Over the past two decades, many manufacturers have sought to ease the software development burden faced by vision systems integrators. Much of the effort to do so has involved the creation of software tools that enabled systems developers to reduce the time and effort required to bring their systems to market.
Today, certain integrated software development environments (IDE) allow systems integrators to design graphically instead of writing traditional program code. In addition to graphically specifying the application logic, these also enable users to directly design a graphical operator interface for the application.
To complement such development environments, suppliers also provide comprehensive toolkits that are replete with many software functions for developing machine vision applications. These toolkits feature standard programming functions for image capture, processing, analysis, annotation, display and archiving, relieving the software developer from the burden of writing custom code for those functions.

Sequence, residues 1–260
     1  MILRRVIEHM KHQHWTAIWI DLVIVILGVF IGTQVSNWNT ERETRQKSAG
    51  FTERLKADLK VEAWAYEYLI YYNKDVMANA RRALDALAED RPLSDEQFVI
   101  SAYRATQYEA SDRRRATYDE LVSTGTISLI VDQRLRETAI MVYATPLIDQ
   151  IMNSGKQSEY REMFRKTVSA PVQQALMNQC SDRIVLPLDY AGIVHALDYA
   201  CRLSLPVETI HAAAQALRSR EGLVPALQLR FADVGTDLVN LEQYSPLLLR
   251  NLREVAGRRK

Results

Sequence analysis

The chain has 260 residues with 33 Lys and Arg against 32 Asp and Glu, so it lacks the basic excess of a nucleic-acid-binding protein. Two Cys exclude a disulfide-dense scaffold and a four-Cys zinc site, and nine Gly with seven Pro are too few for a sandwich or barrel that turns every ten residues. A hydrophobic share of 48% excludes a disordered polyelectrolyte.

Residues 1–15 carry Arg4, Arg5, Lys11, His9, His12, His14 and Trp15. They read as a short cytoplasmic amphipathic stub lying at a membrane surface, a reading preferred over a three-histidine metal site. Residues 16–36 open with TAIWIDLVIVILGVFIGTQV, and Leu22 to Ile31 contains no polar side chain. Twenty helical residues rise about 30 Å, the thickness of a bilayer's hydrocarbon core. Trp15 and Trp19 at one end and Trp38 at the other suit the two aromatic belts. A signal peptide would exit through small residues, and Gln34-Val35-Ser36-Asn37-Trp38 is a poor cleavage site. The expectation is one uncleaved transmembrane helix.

More recently, the benefits of using a deep learning system to address the complexities involved in inspecting intricate parts has become evident. Hence, many vendors of integrated software development environments are now racing to determine the optimum way to create Convolutional Neural Networks (CNNs) that can be incorporated into their environments as functional elements. Their aim is to simplify the use of such complex software such that they might become as straightforward as specifying less complex functions such as edge detection or pattern matching.
One of many such vendors aiming to do just that is Matrox Imaging. At the Vision Show in Stuttgart last year, representatives from the company were on hand to discuss a demonstration system that they had built to inspect containers of dental floss using a deep-learning-based classification tool available in the newest version of Matrox Imaging’s flowchart-based software, Matrox Design Assistant X (see above).